display();

  return 0;
}

void enQueue(int value) {
  if (rear == SIZE - 1)
    printf("\nQueue is Full!!");
  else {
    if (front == -1)
      front = 0;
    rear++;
    items[rear] = value;
    printf("\nInserted -> %d", value);
  }
}

void deQueue() {
  if (front == -1)
    printf("\nQueue is Empty!!");
  else {
    printf("\nDeleted : %d", items[front]);
    front++;
    if (front > rear)
      front = rear = -1;
  }
}

// Function to print the queue
void display() {
  if (rear == -1)
    printf("\nQueue is Empty!!!");
  else {
    int i;
    printf("\nQueue elements are:\n");
    for (i = front; i <= rear; i++)
      printf("%d  ", items[i]);
  }
  printf("\n");
}
#include <iostream>
#define SIZE 5

using namespace std;

class Queue {
   private:
  int items[SIZE], front, rear;

   public:
  Queue() {
    front = -1;
    rear = -1;
  }

  bool isFull() {
    if (front == 0 && rear == SIZE - 1) {
      return true;
    }
    return false;
  }

  bool isEmpty() {
    if (front == -1)
      return true;
    else
      return false;
  }

  void enQueue(int element) {
    if (isFull()) {
      cout << "Queue is full";
    } else {
      if (front == -1) front = 0;
      rear++;
      items[rear] = element;
      cout << endl
         << "Inserted " << element << endl;
    }
  }

  int deQueue() {
    int element;
    if (isEmpty()) {
      cout << "Queue is empty" << endl;
      return (-1);
    } else {
      element = items[front];
      if (front >= rear) {
        front = -1;
        rear = -1;
      } /* Q has only one element, so we reset the queue after deleting it. */
      else {
        front++;
      }
      cout << endl
         << "Deleted -> " << element << endl;
      return (element);
    }
  }

  void display() {
    /* Function to display elements of Queue */
    int i;
    if (isEmpty()) {
      cout << endl
         << "Empty Queue" << endl;
    } else {
      cout << endl
         << "Front index-> " << front;
      cout << endl
         << "Items -> ";
      for (i = front; i <= rear; i++)
        cout << items[i] << "  ";
      cout << endl
         << "Rear index-> " << rear << endl;
    }
  }
};

int main() {
  Queue q;

  //deQueue is not possible on empty queue
  q.deQueue();

  //enQueue 5 elements
  q.enQueue(1);
  q.enQueue(2);
  q.enQueue(3);
  q.enQueue(4);
  q.enQueue(5);

  // 6th element can't be added to because the queue is full
  q.enQueue(6);

  q.display();

  //deQueue removes element entered first i.e. 1
  q.deQueue();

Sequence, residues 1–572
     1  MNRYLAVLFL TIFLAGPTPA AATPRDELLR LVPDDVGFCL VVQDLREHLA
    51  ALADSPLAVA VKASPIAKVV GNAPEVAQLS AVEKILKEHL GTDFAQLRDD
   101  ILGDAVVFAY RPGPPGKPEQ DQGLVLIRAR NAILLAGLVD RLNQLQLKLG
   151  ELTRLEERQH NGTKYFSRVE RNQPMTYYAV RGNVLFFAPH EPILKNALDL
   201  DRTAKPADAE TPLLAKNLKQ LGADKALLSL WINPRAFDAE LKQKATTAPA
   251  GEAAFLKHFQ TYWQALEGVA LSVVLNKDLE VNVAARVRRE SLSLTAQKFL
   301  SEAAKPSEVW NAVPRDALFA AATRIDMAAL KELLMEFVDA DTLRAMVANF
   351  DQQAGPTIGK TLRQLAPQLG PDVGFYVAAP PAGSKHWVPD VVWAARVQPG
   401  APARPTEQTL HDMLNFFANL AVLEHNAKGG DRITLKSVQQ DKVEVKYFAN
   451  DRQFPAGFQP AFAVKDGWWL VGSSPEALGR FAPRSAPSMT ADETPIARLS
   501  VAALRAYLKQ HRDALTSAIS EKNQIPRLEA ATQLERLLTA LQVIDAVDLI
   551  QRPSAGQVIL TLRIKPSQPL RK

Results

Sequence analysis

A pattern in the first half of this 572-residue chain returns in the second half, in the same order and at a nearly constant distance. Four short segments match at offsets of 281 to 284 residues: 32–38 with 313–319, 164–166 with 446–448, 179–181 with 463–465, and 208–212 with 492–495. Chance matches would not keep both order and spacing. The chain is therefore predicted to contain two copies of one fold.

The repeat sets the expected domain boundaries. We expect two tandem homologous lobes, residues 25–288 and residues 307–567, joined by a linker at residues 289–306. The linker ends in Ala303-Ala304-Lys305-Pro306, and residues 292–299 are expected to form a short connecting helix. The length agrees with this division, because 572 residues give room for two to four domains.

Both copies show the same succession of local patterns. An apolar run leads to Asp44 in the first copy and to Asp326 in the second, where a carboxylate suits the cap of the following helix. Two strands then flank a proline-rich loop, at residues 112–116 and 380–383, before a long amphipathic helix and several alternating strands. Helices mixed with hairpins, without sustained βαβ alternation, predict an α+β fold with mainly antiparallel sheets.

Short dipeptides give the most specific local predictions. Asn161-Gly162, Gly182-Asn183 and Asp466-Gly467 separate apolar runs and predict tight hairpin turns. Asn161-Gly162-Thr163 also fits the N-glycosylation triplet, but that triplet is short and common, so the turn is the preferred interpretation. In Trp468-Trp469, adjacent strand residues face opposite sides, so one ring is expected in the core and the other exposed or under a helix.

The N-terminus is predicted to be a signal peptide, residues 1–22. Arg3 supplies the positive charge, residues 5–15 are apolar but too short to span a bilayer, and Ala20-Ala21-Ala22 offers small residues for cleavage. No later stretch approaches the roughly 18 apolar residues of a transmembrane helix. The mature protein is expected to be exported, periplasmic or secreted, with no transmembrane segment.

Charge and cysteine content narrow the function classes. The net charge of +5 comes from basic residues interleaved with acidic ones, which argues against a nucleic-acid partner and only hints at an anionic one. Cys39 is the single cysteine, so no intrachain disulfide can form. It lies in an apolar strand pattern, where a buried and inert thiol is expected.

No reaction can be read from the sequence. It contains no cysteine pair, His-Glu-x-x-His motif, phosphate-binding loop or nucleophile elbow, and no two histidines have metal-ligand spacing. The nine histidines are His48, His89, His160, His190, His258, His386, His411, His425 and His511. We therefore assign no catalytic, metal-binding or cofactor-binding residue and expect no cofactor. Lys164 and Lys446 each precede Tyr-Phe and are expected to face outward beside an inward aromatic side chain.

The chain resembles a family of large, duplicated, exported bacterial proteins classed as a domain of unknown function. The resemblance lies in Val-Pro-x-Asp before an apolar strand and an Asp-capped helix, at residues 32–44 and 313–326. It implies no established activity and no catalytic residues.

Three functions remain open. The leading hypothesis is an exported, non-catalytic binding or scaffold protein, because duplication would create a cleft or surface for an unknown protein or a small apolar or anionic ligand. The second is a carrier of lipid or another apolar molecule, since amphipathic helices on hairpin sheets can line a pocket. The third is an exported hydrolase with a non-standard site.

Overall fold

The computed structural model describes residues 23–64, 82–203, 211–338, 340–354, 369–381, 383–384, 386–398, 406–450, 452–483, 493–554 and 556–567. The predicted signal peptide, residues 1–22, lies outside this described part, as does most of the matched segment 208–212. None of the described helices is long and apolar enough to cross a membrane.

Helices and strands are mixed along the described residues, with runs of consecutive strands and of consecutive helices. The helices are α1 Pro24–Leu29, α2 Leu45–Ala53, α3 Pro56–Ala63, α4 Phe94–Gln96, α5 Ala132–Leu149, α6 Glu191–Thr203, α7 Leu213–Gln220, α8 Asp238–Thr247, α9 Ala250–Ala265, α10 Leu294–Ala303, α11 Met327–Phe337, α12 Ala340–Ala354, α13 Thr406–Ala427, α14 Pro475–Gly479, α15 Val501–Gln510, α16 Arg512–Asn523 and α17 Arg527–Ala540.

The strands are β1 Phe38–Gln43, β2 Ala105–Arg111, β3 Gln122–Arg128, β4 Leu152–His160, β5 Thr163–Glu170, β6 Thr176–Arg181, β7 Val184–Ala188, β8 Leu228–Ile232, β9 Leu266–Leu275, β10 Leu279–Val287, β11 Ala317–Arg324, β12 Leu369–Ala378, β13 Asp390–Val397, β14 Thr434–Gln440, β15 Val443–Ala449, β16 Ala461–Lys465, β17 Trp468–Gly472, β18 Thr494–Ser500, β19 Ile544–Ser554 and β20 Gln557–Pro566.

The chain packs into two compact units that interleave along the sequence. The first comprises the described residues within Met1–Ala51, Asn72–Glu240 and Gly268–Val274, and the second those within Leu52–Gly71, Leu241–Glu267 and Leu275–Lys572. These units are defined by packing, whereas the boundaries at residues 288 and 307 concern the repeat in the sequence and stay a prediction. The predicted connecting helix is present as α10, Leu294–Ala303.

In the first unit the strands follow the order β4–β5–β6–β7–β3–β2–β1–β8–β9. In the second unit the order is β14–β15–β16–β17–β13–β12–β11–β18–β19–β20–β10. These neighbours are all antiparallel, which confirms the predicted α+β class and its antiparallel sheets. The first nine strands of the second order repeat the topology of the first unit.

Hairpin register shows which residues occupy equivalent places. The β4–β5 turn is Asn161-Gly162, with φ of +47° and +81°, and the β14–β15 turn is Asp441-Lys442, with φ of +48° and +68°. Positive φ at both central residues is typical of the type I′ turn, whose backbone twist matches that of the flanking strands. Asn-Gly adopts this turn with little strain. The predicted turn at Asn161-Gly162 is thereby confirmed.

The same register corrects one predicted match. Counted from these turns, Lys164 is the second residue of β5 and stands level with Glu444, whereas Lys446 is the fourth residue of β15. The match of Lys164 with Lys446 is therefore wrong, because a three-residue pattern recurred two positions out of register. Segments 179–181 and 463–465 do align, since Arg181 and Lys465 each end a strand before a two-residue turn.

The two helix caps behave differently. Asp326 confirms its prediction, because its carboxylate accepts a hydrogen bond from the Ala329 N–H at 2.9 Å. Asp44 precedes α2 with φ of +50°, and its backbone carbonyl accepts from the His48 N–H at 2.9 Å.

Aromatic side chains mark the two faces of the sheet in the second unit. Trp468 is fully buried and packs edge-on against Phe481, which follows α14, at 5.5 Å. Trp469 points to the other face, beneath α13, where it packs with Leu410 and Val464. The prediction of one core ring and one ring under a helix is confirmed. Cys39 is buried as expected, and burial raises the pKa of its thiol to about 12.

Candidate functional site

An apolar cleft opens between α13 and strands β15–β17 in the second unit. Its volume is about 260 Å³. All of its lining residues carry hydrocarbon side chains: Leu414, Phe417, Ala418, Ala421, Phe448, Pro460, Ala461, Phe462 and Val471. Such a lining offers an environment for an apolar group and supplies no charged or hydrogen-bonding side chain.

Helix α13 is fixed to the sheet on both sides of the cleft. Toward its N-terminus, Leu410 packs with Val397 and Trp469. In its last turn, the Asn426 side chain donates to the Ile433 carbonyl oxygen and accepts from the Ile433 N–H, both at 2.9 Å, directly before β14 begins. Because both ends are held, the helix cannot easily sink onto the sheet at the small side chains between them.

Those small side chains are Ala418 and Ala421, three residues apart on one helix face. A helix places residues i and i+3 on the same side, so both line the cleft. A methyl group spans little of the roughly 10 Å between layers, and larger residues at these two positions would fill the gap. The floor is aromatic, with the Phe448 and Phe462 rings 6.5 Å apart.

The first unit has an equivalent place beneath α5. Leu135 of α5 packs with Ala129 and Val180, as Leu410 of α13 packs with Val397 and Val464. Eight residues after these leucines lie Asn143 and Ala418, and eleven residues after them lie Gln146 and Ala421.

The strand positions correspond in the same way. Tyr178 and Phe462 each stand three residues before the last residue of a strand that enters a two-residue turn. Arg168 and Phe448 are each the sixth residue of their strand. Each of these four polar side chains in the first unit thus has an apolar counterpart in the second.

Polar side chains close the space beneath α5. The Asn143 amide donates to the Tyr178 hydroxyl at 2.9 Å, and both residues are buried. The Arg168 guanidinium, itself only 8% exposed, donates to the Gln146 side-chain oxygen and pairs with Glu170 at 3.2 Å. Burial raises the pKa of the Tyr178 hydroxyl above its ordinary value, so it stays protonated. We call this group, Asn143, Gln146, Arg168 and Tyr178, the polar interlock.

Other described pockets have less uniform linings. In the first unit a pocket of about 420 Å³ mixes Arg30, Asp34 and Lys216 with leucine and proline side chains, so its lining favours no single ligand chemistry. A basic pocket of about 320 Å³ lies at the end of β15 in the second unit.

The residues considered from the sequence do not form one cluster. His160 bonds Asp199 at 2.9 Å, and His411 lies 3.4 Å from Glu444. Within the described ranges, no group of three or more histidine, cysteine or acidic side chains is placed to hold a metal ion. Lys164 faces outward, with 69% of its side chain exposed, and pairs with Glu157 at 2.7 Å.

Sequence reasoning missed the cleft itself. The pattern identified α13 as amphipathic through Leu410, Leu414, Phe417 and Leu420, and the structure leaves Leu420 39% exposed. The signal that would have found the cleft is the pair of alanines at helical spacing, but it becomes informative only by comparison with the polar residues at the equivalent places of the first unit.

//Now we have just 4 elements
  q.display();

  return 0;
}
class Queue {
  int SIZE = 5;
  int items[] = new int[SIZE];
  int front, rear;

  Queue() {
    front = -1;
    rear = -1;
  }

  boolean isFull() {
    if (front == 0 && rear == SIZE - 1) {
      return true;
    }
    return false;
  }

  boolean isEmpty() {
    if (front == -1)
      return true;
    else
      return false;
  }

  void enQueue(int element) {
    if (isFull()) {
      System.out.println("Queue is full");
    } else {
      if (front == -1)
        front = 0;
      rear++;
      items[rear] = element;
      System.out.println("Inserted " + element);
    }
  }

  int deQueue() {
    int element;
    if (isEmpty()) {
      System.out.println("Queue is empty");
      return (-1);
    } else {
      element = items[front];
      if (front >= rear) {
        front = -1;
        rear = -1;
      } /* Q has only one element, so we reset the queue after deleting it. */
      else {
        front++;
      }
      System.out.println("Deleted -> " + element);
      return (element);
    }
  }

  void display() {
    /* Function to display elements of Queue */
    int i;
    if (isEmpty()) {
      System.out.println("Empty Queue");
    } else {
      System.out.println("\nFront index-> " + front);
      System.out.println("Items -> ");
      for (i = front; i <= rear; i++)
        System.out.print(items[i] + "  ");

      System.out.println("\nRear index-> " + rear);
    }
  }

  public static void main(String[] args) {
    Queue q = new Queue();

    // deQueue is not possible on empty queue
    q.deQueue();

    // enQueue 5 elements
    q.enQueue(1);
    q.enQueue(2);
    q.enQueue(3);
    q.enQueue(4);
    q.enQueue(5);

    // 6th element can't be added to because the queue is full
    q.enQueue(6);

    q.display();

    // deQueue removes element entered first i.e. 1
    q.deQueue();

    // Now we have just 4 elements
    q.display();

  }
}
class Queue:

    def __init__(self):
        self.queue = []

    # Add an element
    def enqueue(self, item):
        self.queue.append(item)

    # Remove an element
    def dequeue(self):
        if len(self.queue) < 1:
            return None
        return self.queue.pop(0)

    # Display  the queue
    def display(self):
        print(self.queue)

    def size(self):
        return len(self.queue)


q = Queue()
q.enqueue(1)
q.enqueue(2)
q.enqueue(3)
q.enqueue(4)
q.enqueue(5)

q.display()

q.dequeue()

print("After removing an element")
q.display()

Output

Queue is Empty!!
Inserted -> 1
Inserted -> 2
Inserted -> 3
Inserted -> 4
Inserted -> 5
Queue is Full!!
Queue elements are:
1  2  3  4  5  

Deleted : 1
Queue elements are:
2  3  4  5  

Conclusion
Hoping this article has explained what is queue and what are the basic queue operations. Queues are a very important topic in terms of data structures. Practice more and more to become an expert in data structures.

Leave a Reply

Your email address will not be published. Required fields are marked *